MSE Seminar: “Turbo-charging Silicon: Do we have the materials and devices?” (Deep Jariwala) University of Pennsylvania
November 16 at 10:30 AM - 12:00 PM
Silicon has been the dominant material for electronic computing for decades and very likely will stay dominant for the foreseeable future. However, it is well-known that Moore’s law that propelled Silicon into this dominant position is long dead. Therefore, a fervent search for (i) new semiconductors that could directly replace silicon or (ii) new architectures with novel materials/devices added onto silicon or (iii) new physics/state-variables or a combination of above has been the subject of much of the electronic materials and devices research of the past 2 decades. The above problem is further complicated by the changing paradigm of computing from arithmetic centric to data centric in the age of billions of internet-connected devices and artificial intelligence. Therefore, there is a pressing need for complementing and supplementing Silicon to operate with greater efficiency, speed and handle greater amounts of data. This is further necessary since a completely novel and paradigm changing computing platform (e.g. all optical computing or quantum computing) remains out of reach for now.
The above is however not possible without fundamental innovation in new electronic materials and devices. Therefore, in this talk, I will try to make the case of how novel layered two-dimensional (2D) chalcogenide materials and three-dimensional (3D) nitride materials might present interesting avenues to overcome some of the limitations being faced by Silicon hardware. I will start by presenting our ongoing and recent work on integration of 2D chalcogenide semiconductors with silicon 1, 2 to realize low-power tunnelling field effect transistors. In particular I will focus on In-Se based 2D semiconductors 1 for this application and extend discussion on them to phase-pure, epitaxial thin-film growth over wafer scales, 3 at temperatures low-enough to be compatible with back end of line (BEOL) processing in Silicon fabs.
I will then switch gears to discuss memory devices from 2D materials when integrated with emerging wurtzite structure ferroelectric nitride materials 4 namely aluminium scandium nitride (AlScN). First, I will present on Ferroelectric Field Effect Transistors (FE-FETs) made from 2D materials when integrated with AlScN and make the case for 2D semiconductors in this application. 5, 6 Next I will introduce our work on Ferroelectric Diode (FeD) devices also based on thin AlScN. 7 In addition, I will also present how FeDs provide a unique advantage in compute-in-memory (CIM) architectures for efficient storage, search as well as hardware implementation of neural networks. Finally, I will present ongoing work and opportunities to extend the application of AlScN memory devices into extreme environments.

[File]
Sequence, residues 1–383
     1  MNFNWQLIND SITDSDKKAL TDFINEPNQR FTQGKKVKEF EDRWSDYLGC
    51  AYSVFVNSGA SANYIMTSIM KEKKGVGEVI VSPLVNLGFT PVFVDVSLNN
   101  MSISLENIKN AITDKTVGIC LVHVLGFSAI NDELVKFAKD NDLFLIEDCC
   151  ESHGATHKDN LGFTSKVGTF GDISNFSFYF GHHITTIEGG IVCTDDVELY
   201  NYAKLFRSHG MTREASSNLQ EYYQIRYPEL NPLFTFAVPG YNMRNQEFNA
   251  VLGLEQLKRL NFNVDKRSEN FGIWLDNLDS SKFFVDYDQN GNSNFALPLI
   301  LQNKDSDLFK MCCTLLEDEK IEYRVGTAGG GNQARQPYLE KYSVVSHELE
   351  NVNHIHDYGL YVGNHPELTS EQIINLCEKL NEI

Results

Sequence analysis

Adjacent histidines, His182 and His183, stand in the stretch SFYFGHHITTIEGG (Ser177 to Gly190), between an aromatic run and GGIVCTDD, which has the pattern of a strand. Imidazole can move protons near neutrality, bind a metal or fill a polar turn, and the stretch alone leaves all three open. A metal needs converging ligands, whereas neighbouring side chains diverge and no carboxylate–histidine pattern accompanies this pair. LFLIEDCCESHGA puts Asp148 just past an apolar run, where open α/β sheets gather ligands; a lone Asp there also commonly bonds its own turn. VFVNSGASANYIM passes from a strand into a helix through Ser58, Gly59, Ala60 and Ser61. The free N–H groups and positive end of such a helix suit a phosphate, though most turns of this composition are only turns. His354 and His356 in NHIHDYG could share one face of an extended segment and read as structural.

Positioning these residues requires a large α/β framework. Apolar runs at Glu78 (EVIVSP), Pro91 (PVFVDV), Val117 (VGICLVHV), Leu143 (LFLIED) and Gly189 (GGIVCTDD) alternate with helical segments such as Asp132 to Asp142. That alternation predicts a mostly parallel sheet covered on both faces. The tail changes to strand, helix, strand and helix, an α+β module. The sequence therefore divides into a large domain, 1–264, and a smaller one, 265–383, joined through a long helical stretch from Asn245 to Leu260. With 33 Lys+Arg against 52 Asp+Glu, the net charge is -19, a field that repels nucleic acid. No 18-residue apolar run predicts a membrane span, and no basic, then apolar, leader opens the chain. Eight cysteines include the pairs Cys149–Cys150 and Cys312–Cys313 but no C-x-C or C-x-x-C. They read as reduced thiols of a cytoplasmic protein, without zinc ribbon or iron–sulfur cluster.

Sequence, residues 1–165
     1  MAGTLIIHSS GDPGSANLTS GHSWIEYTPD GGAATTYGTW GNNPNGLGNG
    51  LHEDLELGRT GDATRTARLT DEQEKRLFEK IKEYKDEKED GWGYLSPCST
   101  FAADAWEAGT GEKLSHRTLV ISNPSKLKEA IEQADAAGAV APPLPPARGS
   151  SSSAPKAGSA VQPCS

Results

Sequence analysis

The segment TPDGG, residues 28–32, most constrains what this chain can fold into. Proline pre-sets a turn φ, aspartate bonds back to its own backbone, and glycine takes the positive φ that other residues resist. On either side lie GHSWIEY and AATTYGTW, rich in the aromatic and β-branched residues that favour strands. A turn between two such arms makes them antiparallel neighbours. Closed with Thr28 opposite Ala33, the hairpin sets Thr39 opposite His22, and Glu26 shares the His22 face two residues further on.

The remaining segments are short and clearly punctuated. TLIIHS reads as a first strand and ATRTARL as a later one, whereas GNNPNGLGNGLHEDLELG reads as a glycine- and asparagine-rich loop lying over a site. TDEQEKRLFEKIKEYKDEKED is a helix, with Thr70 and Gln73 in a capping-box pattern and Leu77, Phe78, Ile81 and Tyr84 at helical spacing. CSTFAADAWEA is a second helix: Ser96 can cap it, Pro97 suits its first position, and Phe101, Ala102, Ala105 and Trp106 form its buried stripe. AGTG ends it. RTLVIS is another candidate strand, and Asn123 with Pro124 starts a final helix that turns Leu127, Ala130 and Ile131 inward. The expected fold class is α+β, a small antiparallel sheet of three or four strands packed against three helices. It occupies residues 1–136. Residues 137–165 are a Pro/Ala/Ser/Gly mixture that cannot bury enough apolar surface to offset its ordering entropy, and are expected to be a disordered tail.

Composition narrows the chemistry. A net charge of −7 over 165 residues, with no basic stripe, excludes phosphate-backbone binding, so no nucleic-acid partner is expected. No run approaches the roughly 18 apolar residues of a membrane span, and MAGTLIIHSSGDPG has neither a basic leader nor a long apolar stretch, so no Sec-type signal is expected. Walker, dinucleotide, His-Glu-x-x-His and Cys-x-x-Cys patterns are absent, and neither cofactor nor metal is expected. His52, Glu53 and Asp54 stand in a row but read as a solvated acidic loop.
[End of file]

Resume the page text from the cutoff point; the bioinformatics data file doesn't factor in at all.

I will end the talk with a broad perspective on the role of novel materials that could turbo- charge silicon and other pervasive semiconductor technologies for electronic computing.
1. Miao, J.; et al. Jariwala, D., Nature Electronics 2022, 5 (11), 744-751.
2. Miao, J.; et al. Jariwala, D., Nano Letters 2020, 20 (4), 2907-2915.
3. Song, S.; et al. Stach, E. A.; Olsson, R. H.; Jariwala, D., Matter 2023
4. Kim, K.-H.; Karpov, I.; Olsson, R. H.; Jariwala, D., Nature Nanotechnology
2023, 18 (5), 422-441.
5. Liu, X.; et al. Stach, E. A.; Olsson, R. H.; Jariwala, D., Nano Letters 2021, 21
6. Kim, K.-H.; Stach, E. A.; Olsson, R. H.; Jariwala, D., Nature Nanotechnology
7. Liu, X.; et al. Stach, E. A.; Olsson III, R.; Jariwala, D., Applied Physics Letters
2021, 118 (20), 202901.
8. Liu, X.; et al. Stach, E. A.; Olsson, R. H.; Jariwala, D., Nano Letters 2022, 22
Associate Professor, Peter & Susanne Armstrong Distinguished Scholar in the Department of Electrical and Systems Engineering at the University of Pennsylvania
Deep Jariwala is an Associate Professor and the Peter & Susanne Armstrong Distinguished Scholar in the Department of Electrical and Systems Engineering at the University of Pennsylvania (Penn). Deep completed his undergraduate degree in Metallurgical Engineering from the Indian Institute of Technology in Varanasi and his Ph.D. in Materials Science and Engineering at Northwestern University. Deep was a Resnick Prize Postdoctoral Fellow at Caltech before joining Penn to start his own research group. His research interests broadly lie at the intersection of new materials, surface science and solid- state devices for computing, opto-electronics and energy harvesting applications in addition to the development of correlated and functional imaging techniques. Deep’s research has been widely recognized with several awards from professional societies, funding bodies, industries as well as private foundations the most notable ones being the IEEE Photonics Society Young Investigator Award, IEEE Nanotechnology Council Young Investigator Award, IUPAP Early Career Scientist Prize in Semiconductors, the Alfred P. Sloan Fellowship, the AVS Peter Mark Memorial Award and also the Bell Labs Prize (shared with Troy Olsson and Eric Stach). He has published over 130 journal papers with more than 17000 citations and holds several patents.